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Follow Your Dream, Day #262: Said the Joker to the Thief

Remember the first time you saw the execution scene in Lord of the Dance?

This scene is filled with archetypal imagery that works on your subconscious. Remember, Lord of the Dance follows the Joseph Campbell "Hero's Journey" Monomyth plot structure: the hero must either die or go into an underworld and be reborn, returning with new wisdom or power.

This plot structure is ancient. As Campbell explains in Hero With A Thousand Faces, it's a story arc that, for whatever reason, all of us as human beings are subconsciously programmed with. We instinctively recognize those beats in a narrative, even if we don't consciously understand why.

Of course, Lord of the Dance can be seen as a parallel to what Michael Flatley himself was going through at that time in his life; having been unceremoniously removed from the first show he created, with his art form in the hands of others, he had to fight his way back up off the canvas and re-emerge with something so stupendous that it proved beyond a shadow of a doubt who the king of the ring was -- and is.

The execution scene has had some variation over the decades. In the original iteration of the show, the Lord is executed and resurrected by the Little Spirit. In Feet of Flames Hyde Park, the same sequence takes place, only then the Lord is defeated in the Duel and saved once more by the Little Spirit. In the Feet of Flames World Tour, it's the Little Spirit -- then the Court Jester -- who's nearly executed, only to be rescued by the Lord. And in Dangerous Games, the Lord is seemingly executed, only to return in disguise as the Little Spirit and her robots drive away Don Dorcha's henchmen.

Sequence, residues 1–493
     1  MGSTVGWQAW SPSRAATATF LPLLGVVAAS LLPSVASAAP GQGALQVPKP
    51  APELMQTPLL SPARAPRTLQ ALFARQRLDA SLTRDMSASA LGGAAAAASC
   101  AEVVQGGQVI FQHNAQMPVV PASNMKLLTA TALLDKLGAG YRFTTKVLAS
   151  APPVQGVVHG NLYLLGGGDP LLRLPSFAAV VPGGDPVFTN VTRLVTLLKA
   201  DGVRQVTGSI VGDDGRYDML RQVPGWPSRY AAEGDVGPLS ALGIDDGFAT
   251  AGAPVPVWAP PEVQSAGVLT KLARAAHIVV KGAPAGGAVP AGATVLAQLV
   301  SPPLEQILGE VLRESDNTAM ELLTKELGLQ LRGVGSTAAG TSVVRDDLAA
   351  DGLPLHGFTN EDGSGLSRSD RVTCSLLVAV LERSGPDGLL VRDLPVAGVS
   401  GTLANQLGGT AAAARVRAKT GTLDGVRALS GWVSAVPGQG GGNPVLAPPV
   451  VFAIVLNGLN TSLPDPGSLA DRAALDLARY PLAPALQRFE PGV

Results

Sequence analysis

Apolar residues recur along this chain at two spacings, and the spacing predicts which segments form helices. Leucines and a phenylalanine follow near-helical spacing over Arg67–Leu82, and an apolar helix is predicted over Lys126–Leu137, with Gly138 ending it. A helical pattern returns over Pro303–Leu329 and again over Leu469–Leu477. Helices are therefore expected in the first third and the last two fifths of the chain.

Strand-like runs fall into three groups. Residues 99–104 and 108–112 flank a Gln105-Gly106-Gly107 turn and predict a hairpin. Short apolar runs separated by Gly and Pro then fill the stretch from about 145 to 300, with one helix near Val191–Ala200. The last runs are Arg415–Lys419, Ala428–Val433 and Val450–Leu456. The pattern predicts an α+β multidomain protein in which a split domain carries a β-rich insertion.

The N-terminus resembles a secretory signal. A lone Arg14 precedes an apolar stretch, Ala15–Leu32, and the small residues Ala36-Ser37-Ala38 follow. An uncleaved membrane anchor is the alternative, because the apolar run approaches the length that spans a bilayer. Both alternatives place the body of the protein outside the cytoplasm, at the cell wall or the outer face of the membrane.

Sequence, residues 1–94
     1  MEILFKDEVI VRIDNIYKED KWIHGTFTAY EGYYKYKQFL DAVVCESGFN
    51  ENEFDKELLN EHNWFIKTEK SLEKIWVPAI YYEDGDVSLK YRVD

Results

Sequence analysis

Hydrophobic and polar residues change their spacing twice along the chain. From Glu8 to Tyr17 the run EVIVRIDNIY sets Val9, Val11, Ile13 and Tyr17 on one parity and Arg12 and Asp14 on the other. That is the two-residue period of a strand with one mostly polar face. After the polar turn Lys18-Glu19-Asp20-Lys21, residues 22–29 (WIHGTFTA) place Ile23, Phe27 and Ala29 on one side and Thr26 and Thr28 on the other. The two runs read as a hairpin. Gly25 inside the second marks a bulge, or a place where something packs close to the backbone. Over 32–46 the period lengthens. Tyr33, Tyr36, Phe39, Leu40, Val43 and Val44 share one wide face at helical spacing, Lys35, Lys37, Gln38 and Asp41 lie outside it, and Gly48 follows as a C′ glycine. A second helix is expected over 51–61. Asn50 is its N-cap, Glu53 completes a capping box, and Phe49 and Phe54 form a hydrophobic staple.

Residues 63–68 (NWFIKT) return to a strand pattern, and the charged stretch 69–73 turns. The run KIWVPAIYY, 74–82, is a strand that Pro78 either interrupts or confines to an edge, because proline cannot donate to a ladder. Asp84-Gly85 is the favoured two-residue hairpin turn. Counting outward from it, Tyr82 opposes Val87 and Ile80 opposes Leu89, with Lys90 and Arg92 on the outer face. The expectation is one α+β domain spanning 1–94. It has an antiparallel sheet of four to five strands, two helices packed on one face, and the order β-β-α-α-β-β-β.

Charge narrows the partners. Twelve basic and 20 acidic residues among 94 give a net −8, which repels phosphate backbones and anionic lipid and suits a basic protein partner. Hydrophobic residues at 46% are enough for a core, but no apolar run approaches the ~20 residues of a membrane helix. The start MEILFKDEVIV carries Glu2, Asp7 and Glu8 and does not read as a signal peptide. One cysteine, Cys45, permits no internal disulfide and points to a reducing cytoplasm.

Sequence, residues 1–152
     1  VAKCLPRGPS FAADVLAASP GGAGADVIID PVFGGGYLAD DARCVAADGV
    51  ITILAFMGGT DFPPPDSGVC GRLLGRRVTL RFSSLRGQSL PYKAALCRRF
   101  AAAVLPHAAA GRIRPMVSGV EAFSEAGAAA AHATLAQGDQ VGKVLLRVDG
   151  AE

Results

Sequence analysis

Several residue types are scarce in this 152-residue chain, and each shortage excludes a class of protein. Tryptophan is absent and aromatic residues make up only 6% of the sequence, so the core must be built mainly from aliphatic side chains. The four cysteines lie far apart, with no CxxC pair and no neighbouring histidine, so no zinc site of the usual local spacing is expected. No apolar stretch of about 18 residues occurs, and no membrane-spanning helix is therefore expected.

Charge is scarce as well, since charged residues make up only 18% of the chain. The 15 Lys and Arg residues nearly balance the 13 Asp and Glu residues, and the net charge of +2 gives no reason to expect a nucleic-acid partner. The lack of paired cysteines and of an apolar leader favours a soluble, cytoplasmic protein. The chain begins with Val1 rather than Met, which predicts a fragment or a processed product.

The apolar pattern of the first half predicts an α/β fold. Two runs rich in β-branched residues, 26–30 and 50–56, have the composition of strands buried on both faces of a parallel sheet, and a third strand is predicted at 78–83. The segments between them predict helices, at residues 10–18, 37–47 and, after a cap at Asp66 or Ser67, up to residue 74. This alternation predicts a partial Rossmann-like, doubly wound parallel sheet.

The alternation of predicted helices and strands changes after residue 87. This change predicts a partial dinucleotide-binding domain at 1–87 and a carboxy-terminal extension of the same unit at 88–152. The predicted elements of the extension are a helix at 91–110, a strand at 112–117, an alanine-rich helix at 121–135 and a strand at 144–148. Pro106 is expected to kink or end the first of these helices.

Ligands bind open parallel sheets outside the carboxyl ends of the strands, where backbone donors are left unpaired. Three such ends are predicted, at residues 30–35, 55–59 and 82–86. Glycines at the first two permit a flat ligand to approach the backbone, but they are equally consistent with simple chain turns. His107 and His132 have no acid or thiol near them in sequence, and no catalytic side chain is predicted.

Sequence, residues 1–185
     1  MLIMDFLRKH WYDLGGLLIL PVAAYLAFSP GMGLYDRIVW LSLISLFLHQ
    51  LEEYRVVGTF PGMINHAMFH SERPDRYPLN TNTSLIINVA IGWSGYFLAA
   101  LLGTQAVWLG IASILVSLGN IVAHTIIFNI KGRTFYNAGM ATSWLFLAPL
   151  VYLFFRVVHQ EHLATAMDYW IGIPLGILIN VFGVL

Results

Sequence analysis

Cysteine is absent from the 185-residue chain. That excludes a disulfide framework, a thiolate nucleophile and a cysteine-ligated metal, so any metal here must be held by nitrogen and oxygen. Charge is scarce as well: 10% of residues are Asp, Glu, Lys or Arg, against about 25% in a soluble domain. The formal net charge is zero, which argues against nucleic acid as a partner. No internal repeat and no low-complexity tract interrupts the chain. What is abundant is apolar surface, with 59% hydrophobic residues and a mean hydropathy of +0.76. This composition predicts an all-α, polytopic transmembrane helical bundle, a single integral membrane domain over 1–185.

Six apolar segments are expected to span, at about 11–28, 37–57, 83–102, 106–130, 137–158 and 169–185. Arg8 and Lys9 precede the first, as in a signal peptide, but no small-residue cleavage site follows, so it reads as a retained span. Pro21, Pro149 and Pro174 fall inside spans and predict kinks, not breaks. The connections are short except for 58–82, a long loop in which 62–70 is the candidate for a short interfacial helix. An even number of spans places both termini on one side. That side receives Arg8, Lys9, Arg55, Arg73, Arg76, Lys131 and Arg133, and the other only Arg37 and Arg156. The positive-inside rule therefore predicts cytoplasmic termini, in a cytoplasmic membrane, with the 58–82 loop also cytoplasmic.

Variations on mythmaking are endless. The Greek Iliad is vastly different from the Finnish Kalevala, yet both have the same major story beats. Whether consciously or subconsciously, Michael Flatley managed an unbelievable achievement: translating the Monomyth into an Irish dance show.

Thus, we wanted to show you the Execution from a perspective never before seen. We put the camera on Sean Michael McHugh when he went out onstage. Mick is our resident prankster; if there's a whole bunch of people laughing backstage or on the bus, chances are he's at the epicenter of it. If you've watched his PlayerCam segments on Dancelord TV (, you know what we're talking about.

Thus, there's something surprisingly powerful about seeing such a dramatic scene from the perspective of the team joker when it's time to get down to business. He captured onstage what may be the most cinematically dramatic execution shot in the history of the show, as Dark Lord Declan Durning executes Lord of the Dance James Keegan.

All of this was shot in one take. And by seeing it onstage from the perspective of the villain's henchmen, you get a whole new look at a scene you've witnessed for nearly a quarter of a century.

The hero always rises from the underworld -- but first he has to *go* to the underworld. Hang on to the edge of your seats; this is quite a cinematic moment.


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